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The European Central Bank (ECB) expects EU banks to introduce limits on their crypto holdings even before the Basel Committee on Banking Supervision’s (BCBS) global standards come into force in 2025.
These standards have grouped cryptocurrencies into two groups based on the specific risks they pose, providing banks guidance on how to manage their exposure to each group.
, for example, has been defined as an “unbacked” asset placed into group 2 of risky assets. Included in this tier, are any assets that don't meet the BCBS' classification conditions, which include the asset's ability to avoid "material risks" and address money laundering concerns.
Stablecoins with "ineffective" mechanisms for maintaining their peg, for example, would also fall into this group.
As such, they “are subject to a newly prescribed conservative capital treatment with a risk weight of 1,250%” and an exposure limit below 1% of banks’ Tier 1 capital, the ECB said in a newsletter Wednesday.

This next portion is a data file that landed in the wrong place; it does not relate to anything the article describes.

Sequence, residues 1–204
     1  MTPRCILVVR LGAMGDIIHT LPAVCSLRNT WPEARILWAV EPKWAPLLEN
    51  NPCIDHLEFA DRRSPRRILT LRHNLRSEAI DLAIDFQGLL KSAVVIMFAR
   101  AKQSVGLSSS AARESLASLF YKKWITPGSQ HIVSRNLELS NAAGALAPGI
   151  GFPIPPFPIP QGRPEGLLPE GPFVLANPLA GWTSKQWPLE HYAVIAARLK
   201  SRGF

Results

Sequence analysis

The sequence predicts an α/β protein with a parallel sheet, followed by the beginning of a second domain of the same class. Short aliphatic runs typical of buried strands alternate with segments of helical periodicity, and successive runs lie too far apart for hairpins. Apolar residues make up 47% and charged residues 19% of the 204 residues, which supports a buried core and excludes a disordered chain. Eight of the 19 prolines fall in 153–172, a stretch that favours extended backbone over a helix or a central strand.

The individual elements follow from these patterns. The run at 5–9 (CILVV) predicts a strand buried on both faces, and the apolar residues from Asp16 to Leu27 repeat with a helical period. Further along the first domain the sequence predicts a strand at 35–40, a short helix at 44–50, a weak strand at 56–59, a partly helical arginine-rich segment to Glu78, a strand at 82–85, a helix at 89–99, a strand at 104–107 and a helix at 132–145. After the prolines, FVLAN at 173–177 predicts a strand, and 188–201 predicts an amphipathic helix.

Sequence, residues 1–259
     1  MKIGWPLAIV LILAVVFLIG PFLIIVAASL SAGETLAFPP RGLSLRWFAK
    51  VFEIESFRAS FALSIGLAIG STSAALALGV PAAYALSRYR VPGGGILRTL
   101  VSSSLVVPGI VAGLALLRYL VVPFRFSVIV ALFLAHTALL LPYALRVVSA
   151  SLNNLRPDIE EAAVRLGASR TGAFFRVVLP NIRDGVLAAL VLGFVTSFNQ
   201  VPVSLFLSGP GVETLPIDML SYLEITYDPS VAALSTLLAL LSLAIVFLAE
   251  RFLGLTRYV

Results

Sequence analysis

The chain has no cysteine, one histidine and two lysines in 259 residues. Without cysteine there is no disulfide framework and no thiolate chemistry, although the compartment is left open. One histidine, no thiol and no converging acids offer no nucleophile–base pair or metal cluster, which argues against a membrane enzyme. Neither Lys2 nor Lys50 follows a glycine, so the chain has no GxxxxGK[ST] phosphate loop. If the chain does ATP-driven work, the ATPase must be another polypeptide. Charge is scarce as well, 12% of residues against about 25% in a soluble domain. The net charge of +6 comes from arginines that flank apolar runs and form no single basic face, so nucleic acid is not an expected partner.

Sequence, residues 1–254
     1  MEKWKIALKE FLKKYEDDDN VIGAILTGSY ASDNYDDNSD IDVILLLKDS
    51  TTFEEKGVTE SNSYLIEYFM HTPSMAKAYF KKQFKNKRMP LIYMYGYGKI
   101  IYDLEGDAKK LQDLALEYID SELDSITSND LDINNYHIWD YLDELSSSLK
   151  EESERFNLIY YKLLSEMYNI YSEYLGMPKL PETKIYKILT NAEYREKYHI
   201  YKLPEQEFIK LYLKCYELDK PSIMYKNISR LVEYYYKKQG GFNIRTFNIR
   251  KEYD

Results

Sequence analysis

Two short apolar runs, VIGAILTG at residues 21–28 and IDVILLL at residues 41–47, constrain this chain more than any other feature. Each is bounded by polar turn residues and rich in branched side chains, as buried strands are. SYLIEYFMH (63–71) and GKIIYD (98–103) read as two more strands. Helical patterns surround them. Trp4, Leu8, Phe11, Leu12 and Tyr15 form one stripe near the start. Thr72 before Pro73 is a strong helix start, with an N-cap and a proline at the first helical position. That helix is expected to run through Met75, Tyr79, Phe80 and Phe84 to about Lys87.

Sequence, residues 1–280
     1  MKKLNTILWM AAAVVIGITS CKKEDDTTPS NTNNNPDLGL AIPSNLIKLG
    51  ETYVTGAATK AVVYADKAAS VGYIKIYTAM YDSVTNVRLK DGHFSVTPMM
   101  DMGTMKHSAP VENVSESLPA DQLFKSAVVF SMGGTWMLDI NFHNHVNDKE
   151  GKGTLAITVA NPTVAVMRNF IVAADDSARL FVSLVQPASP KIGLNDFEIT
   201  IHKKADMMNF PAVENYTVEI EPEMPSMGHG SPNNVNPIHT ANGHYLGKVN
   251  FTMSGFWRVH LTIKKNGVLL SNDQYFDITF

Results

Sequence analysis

As opposed to Group 2, cryptocurrencies belonging to Group 1 include tokenized versions of traditional assets, some types of stablecoins which don’t rely on algorithms to maintain their price, and potentially Central Bank Digital Currencies (CBDCs).
The recommendation follows new draft EU rules released earlier this week, which stipulate that banks holding cryptocurrencies may be obliged to assign the digital assets the highest possible risk rating of 1,250%, meaning they will be forced to hold an equal amount of capital to match the crypto they hold.
Crypto-related risk management arrangements
The ECB argues that even though the BCBS standard isn't yet law, banks interested in entering the crypto market "are expected to comply with the standard and take it into account in their business and capital planning,”
Before rolling out crypto services, banks must ensure that the services or products are in line with the firm's "risk appetite and its strategic objectives" as defined by its respective board.
Applying adequate guardrails for onboarding cryptocurrencies is nothing new in Europe. Last month, the European Parliament’s Economics and Monetary Affairs Committee passed a draft law that will require banks to hold more capital to protect against potential crypto losses.
A spokesperson for the Committee confirmed to Decrypt at the time that the new measures also require banks to disclose if they have any exposure to cryptocurrencies.
Before taking effect, the new law will need approval from the European Parliament, as well as EU finance ministers.